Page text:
9. Heidelberg University Biochemistry Center, 69120, Heidelberg, Germany

    • Francesco Raimondi
    •  & Robert B. Russell
  10. Division of Translational Medical Oncology, National Center for Tumor Diseases (NCT) Heidelberg and DKFZ, 69120, Heidelberg, Germany

    • Peter Horak
    • , Priya Chudasama
    • , Marie Groth
    • , Christoph E. Heilig
    •  & Stefan Fröhling
  11. Omics IT and Data Management Core Facility, DKFZ, 69120, Heidelberg, Germany

    • Gregor Warsow
    •  & Eva Reisinger
  12. Division of Applied Bioinformatics, DKFZ and NCT Heidelberg, 69120, Heidelberg, Germany

    • Martina Fröhlich
    • , Barbara Hutter
    • , Sebastian Uhrig
    •  & Benedikt Brors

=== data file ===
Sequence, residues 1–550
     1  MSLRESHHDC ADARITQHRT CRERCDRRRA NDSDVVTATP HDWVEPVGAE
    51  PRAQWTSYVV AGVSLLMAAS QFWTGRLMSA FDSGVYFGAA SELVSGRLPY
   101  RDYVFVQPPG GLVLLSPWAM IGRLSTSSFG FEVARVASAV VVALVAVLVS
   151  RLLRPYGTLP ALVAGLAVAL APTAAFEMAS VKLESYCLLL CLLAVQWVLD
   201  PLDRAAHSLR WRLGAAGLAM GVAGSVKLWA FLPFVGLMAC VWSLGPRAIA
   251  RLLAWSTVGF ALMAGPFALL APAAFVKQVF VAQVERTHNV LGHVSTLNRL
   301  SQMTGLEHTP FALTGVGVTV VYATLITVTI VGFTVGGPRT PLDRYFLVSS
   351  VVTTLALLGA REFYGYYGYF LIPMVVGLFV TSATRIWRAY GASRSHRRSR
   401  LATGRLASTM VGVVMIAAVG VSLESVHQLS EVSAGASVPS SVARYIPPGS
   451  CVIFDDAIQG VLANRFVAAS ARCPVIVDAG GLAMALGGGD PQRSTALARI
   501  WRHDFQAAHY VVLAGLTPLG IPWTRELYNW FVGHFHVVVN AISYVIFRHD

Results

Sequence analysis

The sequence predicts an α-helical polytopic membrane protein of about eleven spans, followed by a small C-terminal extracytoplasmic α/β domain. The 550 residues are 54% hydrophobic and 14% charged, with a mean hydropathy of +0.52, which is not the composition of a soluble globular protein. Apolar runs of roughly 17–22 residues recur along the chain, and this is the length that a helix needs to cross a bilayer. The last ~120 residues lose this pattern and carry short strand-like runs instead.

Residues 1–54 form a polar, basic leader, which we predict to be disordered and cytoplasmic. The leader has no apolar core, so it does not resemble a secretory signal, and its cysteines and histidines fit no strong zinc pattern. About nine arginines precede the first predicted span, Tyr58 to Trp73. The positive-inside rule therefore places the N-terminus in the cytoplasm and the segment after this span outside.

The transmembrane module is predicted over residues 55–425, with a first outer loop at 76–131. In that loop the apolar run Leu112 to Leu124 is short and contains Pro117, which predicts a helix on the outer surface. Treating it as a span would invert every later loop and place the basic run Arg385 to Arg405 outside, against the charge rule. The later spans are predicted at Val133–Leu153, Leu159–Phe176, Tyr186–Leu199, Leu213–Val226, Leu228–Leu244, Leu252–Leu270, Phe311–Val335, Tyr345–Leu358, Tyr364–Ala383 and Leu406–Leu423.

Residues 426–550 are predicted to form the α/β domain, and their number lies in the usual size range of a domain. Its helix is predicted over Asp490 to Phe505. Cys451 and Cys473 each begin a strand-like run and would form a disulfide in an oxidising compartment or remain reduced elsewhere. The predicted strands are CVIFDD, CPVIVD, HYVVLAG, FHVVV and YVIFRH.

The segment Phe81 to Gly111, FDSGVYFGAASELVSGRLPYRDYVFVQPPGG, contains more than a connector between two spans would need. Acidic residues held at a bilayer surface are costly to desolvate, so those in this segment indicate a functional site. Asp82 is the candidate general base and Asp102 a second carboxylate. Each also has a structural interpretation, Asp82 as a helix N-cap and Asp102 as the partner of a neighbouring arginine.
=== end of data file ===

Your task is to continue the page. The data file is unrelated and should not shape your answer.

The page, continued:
13. Institute for Clinical Genetics, Faculty of Medicine Carl Gustav Carus, Technische Universität Dresden, 01307, Dresden, Germany

    • Barbara Klink
    • , Laura Gieldon
    •  & Evelin Schröck
  14. DKTK, 01307, Dresden, Germany

    • Barbara Klink
    • , Laura Gieldon
    • , Christoph Heining
    • , Daniela Richter
    • , Stephan Richter
    • , Evelin Schröck
    •  & Hanno Glimm
  15. Department for Bioinformatics and Functional Genomics, Institute for Pharmacy and Molecular Biotechnology and BioQuant, Heidelberg University, 69120, Heidelberg, Germany

    • Kortine Kleinheinz
  16. Division of Radiology, DKFZ, 69120, Heidelberg, Germany

    • David Bonekamp
  17. Onkologische Schwerpunktpraxis, 38100, Braunschweig, Germany

    • Oliver Marschal
  18. Faculty of Biosciences, Heidelberg University, 69120, Heidelberg, Germany

    • Jagoda Mika
    • , Marie Groth
    • , Sebastian Uhrig
    •  & Stephen Krämer